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Bollito Misto Recipe
A traditional dish of Northern Italy, particularly the Po Valley, consisting of mixed boiled meats. Recipes vary within the space of a few miles, but a typical version follows. It is a regular weekend offering at smarter restaurants, where it's served with great panache. This is largely because the variety of meat makes it rather large for most families, except for at special occasions. The meat should be cooked until it's tender enough to be eaten with a fork. The dish developed because families lacked ovens, so had to cook on top of their stoves.
It is served with any three or four of the following (all recipes are in our Recipe Section), or are available from a good Italian delicatessen -
Crostini fried in olive oil, spread with English mustard and topped with bone marrow (previously wrapped in muslin and cooked in the bollito liquid for the last 45 minutes)
Mostarda di Cremona
Mostarda di Venezia
Salsa di rafano (horseradish sauce)
Salsa di pomodoro e prosciutto di Parma (cooked tomato and Parma ham sauce)
Salsa rustica (raw tomato sauce)
If you enjoy cooking take a minute to look at http://www.gourmetbritain.com/cookery-wine-schools/32475/simon-scrutton-cookery-classes/ - top-class dishes from beginners upwards
For about 10-12 people (to make less is unworthwhile):
11 pints/5 litres Water
4 big Carrots, peeled and cut into pieces
4 sticks of Celery, cut into pieces of a matching size
2 medium Onions, peeled and cut into big pieces - 2 whole cloves stuck into two of them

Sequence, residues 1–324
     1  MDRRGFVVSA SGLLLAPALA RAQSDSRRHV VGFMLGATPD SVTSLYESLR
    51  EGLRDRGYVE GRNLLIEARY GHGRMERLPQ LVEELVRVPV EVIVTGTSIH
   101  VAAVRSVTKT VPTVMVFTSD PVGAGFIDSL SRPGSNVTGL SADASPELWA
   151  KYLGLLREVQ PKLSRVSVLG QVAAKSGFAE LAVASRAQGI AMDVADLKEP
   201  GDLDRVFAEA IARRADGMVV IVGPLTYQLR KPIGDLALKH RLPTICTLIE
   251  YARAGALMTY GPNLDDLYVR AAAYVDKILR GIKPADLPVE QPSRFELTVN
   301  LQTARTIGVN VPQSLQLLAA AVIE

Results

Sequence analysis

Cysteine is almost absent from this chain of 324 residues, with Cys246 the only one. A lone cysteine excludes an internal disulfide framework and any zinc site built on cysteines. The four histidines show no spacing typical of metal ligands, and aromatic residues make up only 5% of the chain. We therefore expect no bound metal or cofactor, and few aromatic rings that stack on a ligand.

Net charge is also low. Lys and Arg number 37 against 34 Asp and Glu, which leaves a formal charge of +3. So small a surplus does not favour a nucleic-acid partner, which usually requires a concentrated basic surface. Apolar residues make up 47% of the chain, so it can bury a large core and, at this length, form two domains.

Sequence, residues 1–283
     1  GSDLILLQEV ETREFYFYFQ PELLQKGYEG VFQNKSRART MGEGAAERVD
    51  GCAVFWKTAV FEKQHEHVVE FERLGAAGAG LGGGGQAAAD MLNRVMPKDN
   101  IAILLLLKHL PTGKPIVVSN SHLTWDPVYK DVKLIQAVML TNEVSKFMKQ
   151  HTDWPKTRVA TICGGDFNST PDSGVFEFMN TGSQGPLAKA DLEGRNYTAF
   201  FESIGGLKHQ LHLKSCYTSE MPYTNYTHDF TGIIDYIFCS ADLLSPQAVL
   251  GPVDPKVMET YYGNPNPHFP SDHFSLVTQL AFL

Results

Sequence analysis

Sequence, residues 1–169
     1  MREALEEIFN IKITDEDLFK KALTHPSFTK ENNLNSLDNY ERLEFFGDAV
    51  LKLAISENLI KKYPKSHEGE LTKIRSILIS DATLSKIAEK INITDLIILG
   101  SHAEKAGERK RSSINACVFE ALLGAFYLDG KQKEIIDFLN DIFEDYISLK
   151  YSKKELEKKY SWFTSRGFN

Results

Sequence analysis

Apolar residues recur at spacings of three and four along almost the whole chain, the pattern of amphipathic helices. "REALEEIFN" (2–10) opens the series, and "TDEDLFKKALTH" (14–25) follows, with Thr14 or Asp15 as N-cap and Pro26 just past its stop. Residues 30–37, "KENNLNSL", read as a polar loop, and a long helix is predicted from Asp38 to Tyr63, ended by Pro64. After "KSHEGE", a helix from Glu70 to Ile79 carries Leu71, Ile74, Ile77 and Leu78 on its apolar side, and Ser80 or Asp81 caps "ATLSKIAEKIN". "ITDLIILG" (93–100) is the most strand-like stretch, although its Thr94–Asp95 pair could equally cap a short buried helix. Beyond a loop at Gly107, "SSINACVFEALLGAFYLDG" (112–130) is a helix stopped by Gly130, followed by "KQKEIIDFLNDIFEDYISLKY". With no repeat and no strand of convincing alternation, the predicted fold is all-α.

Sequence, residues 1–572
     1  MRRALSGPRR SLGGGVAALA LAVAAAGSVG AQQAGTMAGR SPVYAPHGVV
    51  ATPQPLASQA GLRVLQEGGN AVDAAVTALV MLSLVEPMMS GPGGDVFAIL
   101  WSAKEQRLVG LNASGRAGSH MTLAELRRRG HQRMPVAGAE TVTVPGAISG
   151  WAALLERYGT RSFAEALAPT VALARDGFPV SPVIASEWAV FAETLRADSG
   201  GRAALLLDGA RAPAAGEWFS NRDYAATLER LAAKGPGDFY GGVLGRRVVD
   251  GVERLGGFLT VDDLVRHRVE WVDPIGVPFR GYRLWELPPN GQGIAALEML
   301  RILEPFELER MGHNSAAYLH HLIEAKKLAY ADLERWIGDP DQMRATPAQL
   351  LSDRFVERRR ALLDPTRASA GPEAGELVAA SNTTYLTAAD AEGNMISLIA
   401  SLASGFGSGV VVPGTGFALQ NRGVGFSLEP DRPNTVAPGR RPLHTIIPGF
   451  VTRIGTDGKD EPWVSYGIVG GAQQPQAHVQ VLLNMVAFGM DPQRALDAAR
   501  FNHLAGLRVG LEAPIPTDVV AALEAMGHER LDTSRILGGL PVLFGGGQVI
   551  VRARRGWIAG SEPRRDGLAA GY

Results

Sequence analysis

1 Leek, split and thoroughly washed
1 head of Garlic, unpeeled and left whole
1 Bouquet Garni, including a Bay Leaf - (the Bouquet Garni for Poultry from www.gourmetherbs.co.uk (http://www.gourmetherbs.co.uk/) goes excellently with this dish)
1 level (2ml) teaspoon of whole Black Peppercorns
2 rounded teaspoons (10ml) Sea Salt
1 whole Ox Tongue - cooked separately in water for 2 hours (if it has been brined by your butcher) - before being drained and added to the main mixture for a further 2 hours. If it is unbrined, it can be cooked, with, and for the same time as the other meats.
2 lbs/1.8 kilos Beef Brisket - left in the piece
2lbs/1.8 kilos Veal Silverside - left in the piece (if not able to find veal, use double the quantity of beef
1 very big Chicken or Capon - left whole
1 Pig's Trotter, carefully washed
2 big pieces of Marrow Bone, wrapped in muslin if possible
1 whole Cotechino Sausage (available from a good Italian delicatessen) - optional
Equipment needed: a very big flameproof casserole - capable of holding all the ingredients
1. Bring the water to the boil, then reduce it to a simmer.
2. Add the bouquet garni, the pepper, salt and vegetables.
3. If you’re using tongue, and it’s unbrined, add it now and cook it for 1 hour before adding the beef – if it has been brined by your butcher cook it alone for 1 hour and then add now with the beef. The beef itself will take about 2½ hours – so the other meats are added in stages after that.
4. After 1 hour, add the chicken/capon, veal pig’s trotter and marrow bone.
5. Simmer extremely gently for a further 1½ hours – checking the chicken/apon after one hour, as it might have to be carefully removed – this will depend on its size and age (but don’t forget, that within reason the more age the more flavour, if cooked gently).
Remove the meats to a display dish and serve with your chosen sauces. The stock can be frozen in batches and used to make risotto, soup and suchlike.